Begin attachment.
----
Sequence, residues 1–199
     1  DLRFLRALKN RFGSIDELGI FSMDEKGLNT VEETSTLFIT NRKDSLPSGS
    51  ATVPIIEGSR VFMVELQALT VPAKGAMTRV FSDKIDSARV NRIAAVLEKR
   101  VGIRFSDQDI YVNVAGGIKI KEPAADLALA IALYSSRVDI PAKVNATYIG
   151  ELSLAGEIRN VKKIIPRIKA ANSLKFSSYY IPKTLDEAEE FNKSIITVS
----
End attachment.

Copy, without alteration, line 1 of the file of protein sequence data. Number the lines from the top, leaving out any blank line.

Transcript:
Sequence, residues 1–199